Hostels are a great way to travel cheap and meet great people from around the world. They are generally centrally located near tourist sites and can range from drunken, drug infested riot houses to quiet bed and breakfasty establishments run by a local family with every option in between. If you are traveling alone or with one other buddy, hostels are also a great way to meet people. They are usually filled with fellow adventurers, and the proximity, communal breakfasts and lounges provide the perfect setting to talk about what sites are worth skipping, some hidden gems worth visiting or make plans to meet up for beers later that night and swap travel stories while rooting on Greece to beat Germany in the Eurocup (I was shocked to learn that in foreign countries men play soccer). When staying at a hostel you can get single or double bed rooms, similar to a hotel (but you probably will have to share a bathroom) or a dorm where you sleep bunk-bed-style with somewhere between 10 and 30 other people. At $15 – $30 a night, the dorm is an excellent option. If you seek more privacy or are a lite sleeper, you can get a single private room for as low as $25 a night. Hostels.com is a great resource for planning and booking your next trip as it has ratings and great information from numerous hostels in all major cities.
Tip #5 – Avoid committing murder; suitable travel companion
Traveling on the cheap in a new country – a true adventure – comes with all kinds of surprises and what some people might consider “problems”. Trains get missed, hot water runs out, wallets get stolen, dingos eat babies. These are all potential problems that anyone can encounter during a good adventure and when they do, you are going to want a travel companion who has a tolerance for chaos and pain that is fairly equivalent to yours. Case in point, say all of the sites you want to see are up steep hills, it is 400 degrees outside and you forgot to pack shorts. Some people will bitch and whine up a storm about how stupid it was to build the castle at the top of the hill and spend the day looking for the closest H&M (if you know a guy who did this feel free to punch him in the nads). Others will take a Lebowski approach to the situation and say “Fuck it”, perhaps seeing one site then retiring to an air-conditioned bar for the rest of the day. Others may not even be slowed by this and be happy that they are getting good exercise while seeing the sites they wanted to see and experience the city in a way that most pussies couldn’t handle. Regardless of where you stand on this spectrum if you and your companion don’t match up well, one of you is going to be a lot more pissed off when things go wrong which will cause tension and eventually result in someone will getting hit in the face, usually with an ice cream sandwich. So make sure that the friend you go with is approximately as relaxed or uptight as you are to ensure a consistent level of stress and understanding during the trip. My recommendation is to practice being chilled out as much as possible when traveling since shit always happens and letting it get to you will only ruin your adventure/fun. Drinking has also been helpful for me in these situations. In addition, you need to go with someone who has fun in a similar way that you do. If you enjoy drinking and dancing to techno-pop until the break of dawn (known as “cock-a-doodle-doing”), don’t travel with Mormon Mike. If you like museums, churches and ruins, then don’t go with your moronic beach bum friend (save him for the trip to Vegas next spring). If you are friends with a complete wuss, don’t take him to Pamplona to run with the bulls because he’s only going to watch from the sidelines and tell you how lame it was (I hate that guy to this very day). All of this may sound silly to you, but of all the tips I give, I think this one is the most important and it will help make sure the friends you had when you left are still your friends when you get back.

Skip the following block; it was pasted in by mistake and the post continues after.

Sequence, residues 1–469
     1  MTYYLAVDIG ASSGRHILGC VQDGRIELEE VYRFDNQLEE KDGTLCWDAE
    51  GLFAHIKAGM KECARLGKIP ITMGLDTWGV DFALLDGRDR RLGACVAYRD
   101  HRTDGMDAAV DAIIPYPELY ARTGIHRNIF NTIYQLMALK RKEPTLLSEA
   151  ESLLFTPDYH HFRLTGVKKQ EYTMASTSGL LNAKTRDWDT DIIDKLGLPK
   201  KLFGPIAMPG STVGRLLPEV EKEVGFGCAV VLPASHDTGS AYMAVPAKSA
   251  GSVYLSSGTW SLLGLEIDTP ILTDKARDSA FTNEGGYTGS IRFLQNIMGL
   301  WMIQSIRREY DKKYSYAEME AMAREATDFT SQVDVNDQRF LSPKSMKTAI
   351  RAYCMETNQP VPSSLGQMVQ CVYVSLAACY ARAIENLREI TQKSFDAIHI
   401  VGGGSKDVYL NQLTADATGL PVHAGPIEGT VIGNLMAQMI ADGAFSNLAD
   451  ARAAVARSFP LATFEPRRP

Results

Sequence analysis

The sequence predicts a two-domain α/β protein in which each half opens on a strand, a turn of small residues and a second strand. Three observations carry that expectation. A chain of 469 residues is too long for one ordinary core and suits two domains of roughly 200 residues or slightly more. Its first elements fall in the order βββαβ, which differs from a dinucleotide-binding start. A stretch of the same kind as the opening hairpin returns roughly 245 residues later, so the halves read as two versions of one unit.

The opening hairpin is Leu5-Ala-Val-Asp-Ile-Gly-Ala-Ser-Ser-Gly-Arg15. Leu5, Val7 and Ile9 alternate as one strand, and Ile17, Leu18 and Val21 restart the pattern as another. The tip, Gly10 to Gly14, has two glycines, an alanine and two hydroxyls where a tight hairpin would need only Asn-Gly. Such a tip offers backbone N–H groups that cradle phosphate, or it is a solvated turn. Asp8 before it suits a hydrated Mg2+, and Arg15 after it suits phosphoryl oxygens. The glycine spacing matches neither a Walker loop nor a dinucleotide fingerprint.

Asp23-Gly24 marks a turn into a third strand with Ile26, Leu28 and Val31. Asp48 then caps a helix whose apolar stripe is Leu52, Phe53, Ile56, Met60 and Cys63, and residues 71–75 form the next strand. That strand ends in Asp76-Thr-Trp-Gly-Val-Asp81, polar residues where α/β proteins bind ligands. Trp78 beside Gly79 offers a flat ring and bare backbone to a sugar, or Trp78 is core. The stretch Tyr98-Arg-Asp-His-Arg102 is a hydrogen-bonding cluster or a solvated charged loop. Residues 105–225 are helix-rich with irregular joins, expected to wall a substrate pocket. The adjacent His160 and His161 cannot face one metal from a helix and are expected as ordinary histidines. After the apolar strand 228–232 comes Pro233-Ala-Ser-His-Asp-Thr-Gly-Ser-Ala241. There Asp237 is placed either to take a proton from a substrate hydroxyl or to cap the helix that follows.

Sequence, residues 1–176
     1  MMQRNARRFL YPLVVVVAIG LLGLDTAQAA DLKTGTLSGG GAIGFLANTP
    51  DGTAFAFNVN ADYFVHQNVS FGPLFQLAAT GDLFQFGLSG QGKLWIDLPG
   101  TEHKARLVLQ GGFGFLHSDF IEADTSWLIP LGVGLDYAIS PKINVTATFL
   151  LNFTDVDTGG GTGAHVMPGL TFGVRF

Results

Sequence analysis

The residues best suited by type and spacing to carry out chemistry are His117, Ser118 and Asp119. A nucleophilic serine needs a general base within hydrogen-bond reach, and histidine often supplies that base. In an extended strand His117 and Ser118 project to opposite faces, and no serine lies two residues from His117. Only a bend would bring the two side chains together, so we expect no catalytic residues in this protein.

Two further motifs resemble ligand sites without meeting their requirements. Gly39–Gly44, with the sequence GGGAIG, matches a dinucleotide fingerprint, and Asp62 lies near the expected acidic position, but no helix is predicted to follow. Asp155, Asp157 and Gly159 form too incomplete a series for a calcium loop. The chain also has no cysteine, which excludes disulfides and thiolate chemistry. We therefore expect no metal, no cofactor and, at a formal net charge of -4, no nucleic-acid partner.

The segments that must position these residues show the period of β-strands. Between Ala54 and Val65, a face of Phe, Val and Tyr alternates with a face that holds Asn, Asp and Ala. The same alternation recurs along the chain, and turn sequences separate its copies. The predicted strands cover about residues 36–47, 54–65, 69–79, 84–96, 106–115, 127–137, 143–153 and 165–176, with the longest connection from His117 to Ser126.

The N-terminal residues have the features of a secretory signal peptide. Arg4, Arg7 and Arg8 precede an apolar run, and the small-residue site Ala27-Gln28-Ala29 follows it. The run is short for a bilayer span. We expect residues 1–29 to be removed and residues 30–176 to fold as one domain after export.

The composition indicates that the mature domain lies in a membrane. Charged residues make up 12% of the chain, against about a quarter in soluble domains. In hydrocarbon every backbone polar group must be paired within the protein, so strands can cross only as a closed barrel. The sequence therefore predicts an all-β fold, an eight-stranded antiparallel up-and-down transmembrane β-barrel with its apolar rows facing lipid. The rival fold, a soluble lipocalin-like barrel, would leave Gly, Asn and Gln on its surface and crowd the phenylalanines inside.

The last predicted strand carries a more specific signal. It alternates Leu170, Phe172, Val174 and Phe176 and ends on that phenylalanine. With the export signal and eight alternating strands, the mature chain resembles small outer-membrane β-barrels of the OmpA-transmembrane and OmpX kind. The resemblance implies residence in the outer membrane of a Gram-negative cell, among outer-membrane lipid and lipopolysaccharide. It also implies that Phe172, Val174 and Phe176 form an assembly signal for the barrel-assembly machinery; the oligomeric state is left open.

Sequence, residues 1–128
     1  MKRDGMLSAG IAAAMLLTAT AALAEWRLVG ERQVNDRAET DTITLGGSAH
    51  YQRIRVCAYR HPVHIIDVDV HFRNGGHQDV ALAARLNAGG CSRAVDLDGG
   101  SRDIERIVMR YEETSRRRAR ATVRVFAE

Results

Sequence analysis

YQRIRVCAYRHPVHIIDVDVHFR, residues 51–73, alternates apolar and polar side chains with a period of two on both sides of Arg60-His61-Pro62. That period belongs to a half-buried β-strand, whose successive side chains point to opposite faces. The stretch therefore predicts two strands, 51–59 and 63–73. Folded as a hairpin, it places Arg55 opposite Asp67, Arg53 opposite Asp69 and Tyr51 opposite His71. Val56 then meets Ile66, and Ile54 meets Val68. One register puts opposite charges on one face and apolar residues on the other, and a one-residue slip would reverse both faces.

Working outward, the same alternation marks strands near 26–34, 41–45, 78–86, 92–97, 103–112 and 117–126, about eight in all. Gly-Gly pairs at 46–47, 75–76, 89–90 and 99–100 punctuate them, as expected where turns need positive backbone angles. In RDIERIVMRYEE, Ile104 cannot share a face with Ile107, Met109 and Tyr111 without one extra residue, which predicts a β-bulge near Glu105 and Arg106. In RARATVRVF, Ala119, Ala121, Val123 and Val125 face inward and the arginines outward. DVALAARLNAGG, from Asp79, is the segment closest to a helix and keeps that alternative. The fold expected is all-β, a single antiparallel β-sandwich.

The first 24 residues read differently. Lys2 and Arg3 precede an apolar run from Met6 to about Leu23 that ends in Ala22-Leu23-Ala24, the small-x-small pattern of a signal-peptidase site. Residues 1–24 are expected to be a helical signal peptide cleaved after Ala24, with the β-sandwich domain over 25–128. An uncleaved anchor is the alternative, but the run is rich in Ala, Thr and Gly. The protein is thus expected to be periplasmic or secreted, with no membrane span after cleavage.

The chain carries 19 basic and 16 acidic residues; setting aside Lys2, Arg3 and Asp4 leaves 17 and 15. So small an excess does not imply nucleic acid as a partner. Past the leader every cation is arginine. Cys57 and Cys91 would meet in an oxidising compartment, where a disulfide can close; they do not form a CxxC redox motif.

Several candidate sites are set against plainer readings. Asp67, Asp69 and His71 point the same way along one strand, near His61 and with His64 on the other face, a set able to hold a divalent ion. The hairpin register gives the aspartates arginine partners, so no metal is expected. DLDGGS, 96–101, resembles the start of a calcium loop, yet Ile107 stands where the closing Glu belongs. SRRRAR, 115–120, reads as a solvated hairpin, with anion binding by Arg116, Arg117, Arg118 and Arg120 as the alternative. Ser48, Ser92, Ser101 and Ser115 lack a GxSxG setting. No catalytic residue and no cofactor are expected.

Tip #6 – Making it happen; just do it!
The last tip is JUST DO IT! World travel can seem intimidating or difficult but it really isn’t. All of the info you need is online and most places are setup for you to visit – they almost always speak English and they want you (and your dollars) there! This summer I met a 19-year old who had spent the last six months traveling the world by himself. He paid for it by bussing tables for 6 months and saving his money. This kid wasn’t special or worldly. He just had a few thousand bucks, a desire to see cool shit and had enough sack to buy an airline ticket to a place he had never been. So what are you waiting for? Pamplona 2013 is just a year away! World Cup 2014 in Brazil is just about two years out! And only six months until Mardi Gras or the high season in Costa Rica! Let the scheming begin!!!